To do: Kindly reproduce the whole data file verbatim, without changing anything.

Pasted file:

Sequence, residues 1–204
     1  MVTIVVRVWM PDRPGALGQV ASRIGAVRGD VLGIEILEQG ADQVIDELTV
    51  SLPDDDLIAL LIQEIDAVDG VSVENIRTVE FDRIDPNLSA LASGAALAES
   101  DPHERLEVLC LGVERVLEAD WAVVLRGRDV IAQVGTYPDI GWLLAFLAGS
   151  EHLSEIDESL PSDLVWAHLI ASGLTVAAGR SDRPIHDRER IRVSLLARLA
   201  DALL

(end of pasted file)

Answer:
Sequence, residues 1–204
     1  MVTIVVRVWM PDRPGALGQV ASRIGAVRGD VLGIEILEQG ADQVIDELTV
    51  SLPDDDLIAL LIQEIDAVDG VSVENIRTVE FDRIDPNLSA LASGAALAES
   101  DPHERLEVLC LGVERVLEAD WAVVLRGRDV IAQVGTYPDI GWLLAFLAGS
   151  EHLSEIDESL PSDLVWAHLI ASGLTVAAGR SDRPIHDRER IRVSLLARLA
   201  DALL